Rhode Island’s Waters are Under Threat
Rhode Island’s waterways and coastline are critically linked to the health of our economy and our communities. They are places to play, swim, fish, and kayak. But today, stormwater pollution is fouling our ponds and shutting down our beaches, making them unsafe for people – and for the wildlife that call them home.
CLF in Action
Stormwater runoff picks up oil, dirt, and toxins while flowing over streets and parking lots into our waters. It is the biggest threat to clean water today. It is also entirely preventable.
CLF is calling on the Rhode Island Department of Environmental Management to use its authority to require large, privately owned stormwater polluters to obtain permits for their dirty discharge – which will ultimately curb the unchecked pollution that’s doing the most harm.
Our focus is on Bailey’s Brook and North Easton Pond on Aquidneck Island and Mashapaug Pond in Providence. A successful outcome will mean that commercial, industrial, and institutional polluters will be required to obtain permits for their runoff. Those permits would control the stormwater pollution those businesses discharge into Mashapaug Pond and the waters surrounding Aquidneck Island. It would also ensure these polluters are paying their fair share of the costs for its clean up.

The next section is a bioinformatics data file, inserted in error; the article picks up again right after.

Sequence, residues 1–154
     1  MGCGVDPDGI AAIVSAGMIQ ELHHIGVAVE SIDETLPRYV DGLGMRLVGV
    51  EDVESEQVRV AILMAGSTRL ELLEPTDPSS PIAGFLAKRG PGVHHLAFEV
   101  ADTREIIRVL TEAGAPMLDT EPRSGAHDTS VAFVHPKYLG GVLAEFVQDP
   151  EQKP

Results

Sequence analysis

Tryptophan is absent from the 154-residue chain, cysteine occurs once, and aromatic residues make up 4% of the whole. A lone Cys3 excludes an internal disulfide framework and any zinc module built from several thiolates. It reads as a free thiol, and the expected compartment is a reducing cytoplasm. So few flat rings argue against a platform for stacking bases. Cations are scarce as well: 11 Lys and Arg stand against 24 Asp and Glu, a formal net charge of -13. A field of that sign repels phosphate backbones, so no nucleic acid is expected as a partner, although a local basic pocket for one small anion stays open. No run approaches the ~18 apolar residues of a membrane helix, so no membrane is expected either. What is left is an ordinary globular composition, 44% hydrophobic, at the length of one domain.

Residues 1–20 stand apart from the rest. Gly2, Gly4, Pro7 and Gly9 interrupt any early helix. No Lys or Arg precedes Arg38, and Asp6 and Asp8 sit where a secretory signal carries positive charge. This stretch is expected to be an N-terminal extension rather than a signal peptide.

What’s at Stake
Stormwater pollution hurts Rhode Island waterways, the wildlife that depend on them to be healthy, and the communities that pay when they’re not.
When rain falls or snow melts, water rushes off paved and flat surfaces such as parking lots, roads, and flat roofs, picking up debris, fertilizer, and other toxic pollution along the way. The result: contaminated water draining into sewers, lakes, and streams across Rhode Island.
Some waterways have it worse than others. In Providence, stormwater pollution triggers toxic blue-green algae blooms in Mashapaug Pond, choking aquatic life and making the pond unfit for human contact. On Aquidneck Island, polluted stormwater spikes bacteria levels in a brook that feeds into Newport’s popular First Beach – contaminating the water there and forcing the beach to close several times each summer.
This unchecked pollution is putting Rhode Island’s water quality at risk, leaving cash-strapped communities and taxpayers on the hook for the costs of this damaging pollution, and putting the health of people, pets, and wildlife on the line.